By James Muscolino
It’s rare here in Houston to get a cool day so early in fall, let alone an opportunity to take full advantage of it. Grabbing hold of any family time is so important to us –me, the stay-at-home-dad, and my partner, a business owner. What better way to spend this beautiful day in an amazing urban city, but through the eyes of our 13-month-old (and for ME, through the eyes of her Papa)?
We are the quintessential family. I stay home, cook, clean, and care for our daughter who calls me “Daddy”. My husband goes to work and comes home to an excited little girl who hasn’t yet worked “Papa” into her vocabulary (though we’re working on it) in time to read, bathe, and put her to bed. Quinny, the European stroller company, began a Walk Your Way campaign that embraces modern families like ours and invited us to try their Zapp Xtra stroller.
My husband and I love Quinny’s Walk Your Way slogan. Be confident and be yourself because, in all the essential ways, you’re just like any other family. Our child experiences the same teething nightmare as yours. We’d give our lives for our child, as I am sure would you, for yours. Like any other relationship when children enter the scene, our marriage has its up and down moments. And most certainly, we all want more quality family time together.
I admit, I try to take full advantage of my partner whenever he is around. He doesn’t exactly let me sleep in, but I do get some reprieve from the day-to-day (read: mundane) life of the stay-at-home parent in the form of a front-row seat to my partner’s experience with our daughter. Each weekend, I get to hang back a little while Papa catches up on all he missed throughout the week, be it our daughter’s new “tricks”, her transition to sippy cup, shouldering the diaper bag, or now, excitedly, manning our new Quinny Zapp Xtra stroller!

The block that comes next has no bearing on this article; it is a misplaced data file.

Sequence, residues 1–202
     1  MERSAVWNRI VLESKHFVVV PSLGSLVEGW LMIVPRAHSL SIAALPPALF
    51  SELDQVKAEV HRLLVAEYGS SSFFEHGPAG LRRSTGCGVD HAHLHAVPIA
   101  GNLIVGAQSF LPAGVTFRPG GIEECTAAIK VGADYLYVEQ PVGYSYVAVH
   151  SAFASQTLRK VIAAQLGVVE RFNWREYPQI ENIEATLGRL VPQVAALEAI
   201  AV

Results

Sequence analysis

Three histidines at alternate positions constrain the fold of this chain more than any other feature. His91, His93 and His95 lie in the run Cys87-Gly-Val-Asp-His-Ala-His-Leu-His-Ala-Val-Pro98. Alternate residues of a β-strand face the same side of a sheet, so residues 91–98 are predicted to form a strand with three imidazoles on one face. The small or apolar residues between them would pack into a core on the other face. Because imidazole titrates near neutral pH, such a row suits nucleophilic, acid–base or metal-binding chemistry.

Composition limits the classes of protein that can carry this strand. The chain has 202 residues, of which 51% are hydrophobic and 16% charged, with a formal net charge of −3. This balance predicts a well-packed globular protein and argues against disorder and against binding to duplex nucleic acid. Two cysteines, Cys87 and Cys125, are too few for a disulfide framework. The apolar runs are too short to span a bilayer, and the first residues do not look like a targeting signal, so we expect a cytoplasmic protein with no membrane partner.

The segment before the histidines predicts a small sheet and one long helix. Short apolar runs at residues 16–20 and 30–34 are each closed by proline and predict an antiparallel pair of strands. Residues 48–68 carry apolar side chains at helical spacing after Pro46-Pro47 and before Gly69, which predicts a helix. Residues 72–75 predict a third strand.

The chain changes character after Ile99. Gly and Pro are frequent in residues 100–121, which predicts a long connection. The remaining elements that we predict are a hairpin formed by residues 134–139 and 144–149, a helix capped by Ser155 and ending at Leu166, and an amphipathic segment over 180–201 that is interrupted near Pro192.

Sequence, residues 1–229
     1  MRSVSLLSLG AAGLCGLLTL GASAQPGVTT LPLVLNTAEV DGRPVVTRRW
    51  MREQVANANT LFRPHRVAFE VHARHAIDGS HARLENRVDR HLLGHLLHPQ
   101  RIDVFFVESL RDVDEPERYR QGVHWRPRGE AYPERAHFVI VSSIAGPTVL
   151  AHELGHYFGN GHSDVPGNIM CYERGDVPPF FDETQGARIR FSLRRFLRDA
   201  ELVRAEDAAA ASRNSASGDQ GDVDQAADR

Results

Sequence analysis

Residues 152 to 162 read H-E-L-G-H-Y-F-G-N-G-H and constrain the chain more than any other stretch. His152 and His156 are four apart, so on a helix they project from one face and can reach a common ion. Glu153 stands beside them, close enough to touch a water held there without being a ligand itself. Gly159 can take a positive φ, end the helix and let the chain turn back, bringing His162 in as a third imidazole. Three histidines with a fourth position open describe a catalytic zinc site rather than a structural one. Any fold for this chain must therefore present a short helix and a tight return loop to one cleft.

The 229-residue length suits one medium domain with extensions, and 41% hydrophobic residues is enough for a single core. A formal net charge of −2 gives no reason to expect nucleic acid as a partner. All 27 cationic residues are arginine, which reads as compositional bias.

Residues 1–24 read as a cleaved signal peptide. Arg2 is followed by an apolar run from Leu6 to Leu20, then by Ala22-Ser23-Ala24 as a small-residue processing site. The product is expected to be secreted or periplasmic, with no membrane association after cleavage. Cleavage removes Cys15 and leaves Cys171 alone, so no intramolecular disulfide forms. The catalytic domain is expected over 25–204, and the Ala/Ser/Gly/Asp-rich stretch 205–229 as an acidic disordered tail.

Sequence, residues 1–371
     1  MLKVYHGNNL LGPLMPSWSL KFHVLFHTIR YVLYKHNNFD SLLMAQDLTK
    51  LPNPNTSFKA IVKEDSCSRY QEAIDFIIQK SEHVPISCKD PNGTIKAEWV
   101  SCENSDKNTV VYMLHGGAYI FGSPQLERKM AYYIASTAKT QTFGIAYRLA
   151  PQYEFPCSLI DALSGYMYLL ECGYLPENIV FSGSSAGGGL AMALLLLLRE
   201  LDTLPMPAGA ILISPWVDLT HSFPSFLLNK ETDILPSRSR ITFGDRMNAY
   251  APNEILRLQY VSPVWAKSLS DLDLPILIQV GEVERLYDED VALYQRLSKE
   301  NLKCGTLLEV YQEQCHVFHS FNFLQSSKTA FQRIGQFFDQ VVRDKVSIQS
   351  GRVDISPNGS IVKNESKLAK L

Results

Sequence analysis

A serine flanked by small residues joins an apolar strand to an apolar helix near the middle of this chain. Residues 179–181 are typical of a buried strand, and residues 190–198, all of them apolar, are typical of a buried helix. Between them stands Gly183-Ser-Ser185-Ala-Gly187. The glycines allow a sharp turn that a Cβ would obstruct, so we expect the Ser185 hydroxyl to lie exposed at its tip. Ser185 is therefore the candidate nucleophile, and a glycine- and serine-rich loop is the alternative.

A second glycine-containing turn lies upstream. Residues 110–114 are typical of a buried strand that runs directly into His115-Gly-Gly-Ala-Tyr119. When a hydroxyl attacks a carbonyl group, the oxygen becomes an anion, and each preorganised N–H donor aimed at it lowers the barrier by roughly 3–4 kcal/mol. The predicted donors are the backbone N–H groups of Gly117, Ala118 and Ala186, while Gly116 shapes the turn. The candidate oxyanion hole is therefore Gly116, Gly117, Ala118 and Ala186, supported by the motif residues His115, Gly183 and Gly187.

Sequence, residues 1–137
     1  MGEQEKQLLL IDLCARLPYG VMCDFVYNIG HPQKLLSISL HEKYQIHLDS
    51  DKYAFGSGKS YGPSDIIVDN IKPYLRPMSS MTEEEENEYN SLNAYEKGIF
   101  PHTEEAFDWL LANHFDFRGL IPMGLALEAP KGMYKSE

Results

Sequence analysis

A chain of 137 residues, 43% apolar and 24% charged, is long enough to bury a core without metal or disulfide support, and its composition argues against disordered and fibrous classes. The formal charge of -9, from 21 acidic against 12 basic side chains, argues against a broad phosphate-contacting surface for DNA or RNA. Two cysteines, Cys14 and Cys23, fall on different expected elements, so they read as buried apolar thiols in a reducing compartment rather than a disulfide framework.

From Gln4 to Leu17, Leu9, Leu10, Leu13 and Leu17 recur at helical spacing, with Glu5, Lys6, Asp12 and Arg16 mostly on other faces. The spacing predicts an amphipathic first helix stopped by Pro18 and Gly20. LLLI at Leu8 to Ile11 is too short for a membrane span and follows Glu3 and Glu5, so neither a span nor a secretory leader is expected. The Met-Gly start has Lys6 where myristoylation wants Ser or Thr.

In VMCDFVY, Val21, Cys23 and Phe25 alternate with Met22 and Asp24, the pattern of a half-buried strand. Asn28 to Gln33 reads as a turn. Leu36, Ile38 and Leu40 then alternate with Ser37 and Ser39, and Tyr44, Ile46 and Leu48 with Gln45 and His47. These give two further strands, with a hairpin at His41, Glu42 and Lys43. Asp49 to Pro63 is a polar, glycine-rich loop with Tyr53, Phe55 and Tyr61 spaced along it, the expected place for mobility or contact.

But oops, this means I have to let go of some control…
“This stroller is soooo maneuverable! Look how easily it cuts corners!” my partner exclaims, while I inwardly freak out because I would never “cut corners” that way.
“Are you sure she is ready for a sippy cup? Did you read up on that?” to which I can only roll my eyes.
We reach the park in the middle of a massive group of buildings, a refreshing sight to us urban dwellers. “James, please don’t put the diaper bag on the ground! There’s plenty of room under the stroller.” Ugh. Is family time over yet?
For the record, I am no expert in relationships, whether it be parent-to-child or parent-to-partner. I do not have a doctorate in human interactions. So I am by no means perfect. It’s just so hard to suddenly relinquish control to my partner on a Saturday when, during the week, I call all the shots.
But if I’m to push for more family time, and if having that time means my husband gets to take over a little, then I need to let him do that. And suddenly, while watching my partner of six years interact with our child on this gorgeous fall day, it hits me: we went through so much to have our daughter; why would I allow my controlling nature weigh us down with worthless frustration or resentment? Does it matter if he is asking me about the sippy cup? Why not simply explain to him about the books I read, or the people I spoke to, or the mere fact that yes, I think she is, indeed, ready? Who cares that he is obsessed with the new stroller (won’t even let me touch it), and seems to prefer it to his own car? The Zapp compacts easily and is easy to maneuver …I should let him enjoy it!
I realize that releasing control actually fosters intimacy with my partner. How could I not want more of that with him –the other parent to our child?
Papa places our sleeping daughter in the stroller, smiling adoringly at her while simultaneously adjusting her reclining position in the Zapp.
He’s totally got this, and I love him for it.
Just being together as a family, like all families, is what’s really important. Walk Your Way with the ones you love, freely and easily. Let go and simply embrace the time together.
We stroll happily home… and my husband lets me push our new favorite stroller.
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Originally published on The Seattle Lesbian
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